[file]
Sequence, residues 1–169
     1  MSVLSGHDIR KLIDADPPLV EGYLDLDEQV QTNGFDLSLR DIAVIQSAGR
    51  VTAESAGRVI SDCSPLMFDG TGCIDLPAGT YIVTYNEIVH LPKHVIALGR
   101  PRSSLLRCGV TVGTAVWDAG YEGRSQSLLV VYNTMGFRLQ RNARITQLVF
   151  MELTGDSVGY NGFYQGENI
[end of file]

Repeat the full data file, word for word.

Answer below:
Sequence, residues 1–169
     1  MSVLSGHDIR KLIDADPPLV EGYLDLDEQV QTNGFDLSLR DIAVIQSAGR
    51  VTAESAGRVI SDCSPLMFDG TGCIDLPAGT YIVTYNEIVH LPKHVIALGR
   101  PRSSLLRCGV TVGTAVWDAG YEGRSQSLLV VYNTMGFRLQ RNARITQLVF
   151  MELTGDSVGY NGFYQGENI